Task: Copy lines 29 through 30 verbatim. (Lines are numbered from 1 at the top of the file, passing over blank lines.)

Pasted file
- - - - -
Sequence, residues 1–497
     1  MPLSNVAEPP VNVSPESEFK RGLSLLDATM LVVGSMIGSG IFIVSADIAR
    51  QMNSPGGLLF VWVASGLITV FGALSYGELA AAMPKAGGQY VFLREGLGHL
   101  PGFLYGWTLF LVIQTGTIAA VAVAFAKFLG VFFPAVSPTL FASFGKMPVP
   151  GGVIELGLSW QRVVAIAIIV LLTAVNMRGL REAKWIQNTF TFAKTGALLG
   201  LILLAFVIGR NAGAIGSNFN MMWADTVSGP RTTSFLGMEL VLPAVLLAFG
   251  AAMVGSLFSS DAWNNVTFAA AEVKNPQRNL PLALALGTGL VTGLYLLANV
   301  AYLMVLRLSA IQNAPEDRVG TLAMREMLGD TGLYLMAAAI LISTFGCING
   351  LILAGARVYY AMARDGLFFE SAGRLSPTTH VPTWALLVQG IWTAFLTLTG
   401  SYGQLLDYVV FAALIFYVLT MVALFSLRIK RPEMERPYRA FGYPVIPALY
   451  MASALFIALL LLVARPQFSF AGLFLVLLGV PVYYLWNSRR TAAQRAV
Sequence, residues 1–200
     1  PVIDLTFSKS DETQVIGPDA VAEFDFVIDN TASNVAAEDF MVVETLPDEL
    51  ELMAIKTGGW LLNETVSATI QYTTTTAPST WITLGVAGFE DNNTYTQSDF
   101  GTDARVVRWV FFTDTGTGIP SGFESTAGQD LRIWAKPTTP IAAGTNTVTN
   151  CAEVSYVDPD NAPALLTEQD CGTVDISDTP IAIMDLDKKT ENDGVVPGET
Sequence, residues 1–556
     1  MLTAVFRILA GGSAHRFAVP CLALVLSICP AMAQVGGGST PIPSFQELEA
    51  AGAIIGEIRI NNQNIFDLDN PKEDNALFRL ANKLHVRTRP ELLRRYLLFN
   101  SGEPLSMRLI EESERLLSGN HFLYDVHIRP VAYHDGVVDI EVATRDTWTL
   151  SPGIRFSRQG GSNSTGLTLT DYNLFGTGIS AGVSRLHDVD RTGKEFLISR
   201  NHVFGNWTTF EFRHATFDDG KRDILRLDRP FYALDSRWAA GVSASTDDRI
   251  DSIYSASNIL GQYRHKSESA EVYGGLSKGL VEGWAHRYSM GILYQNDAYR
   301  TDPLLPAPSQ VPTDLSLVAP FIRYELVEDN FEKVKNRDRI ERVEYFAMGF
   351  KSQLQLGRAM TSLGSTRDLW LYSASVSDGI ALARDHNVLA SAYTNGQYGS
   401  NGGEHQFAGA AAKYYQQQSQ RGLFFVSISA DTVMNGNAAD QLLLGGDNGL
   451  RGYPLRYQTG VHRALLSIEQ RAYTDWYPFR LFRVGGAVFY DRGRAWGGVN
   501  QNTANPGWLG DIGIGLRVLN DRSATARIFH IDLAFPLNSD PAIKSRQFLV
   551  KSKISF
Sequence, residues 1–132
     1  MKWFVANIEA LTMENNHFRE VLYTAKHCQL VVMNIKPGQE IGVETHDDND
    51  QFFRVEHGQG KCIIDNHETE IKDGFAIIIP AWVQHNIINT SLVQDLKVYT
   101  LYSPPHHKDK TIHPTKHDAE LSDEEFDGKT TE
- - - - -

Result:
   551  KSKISF
Sequence, residues 1–132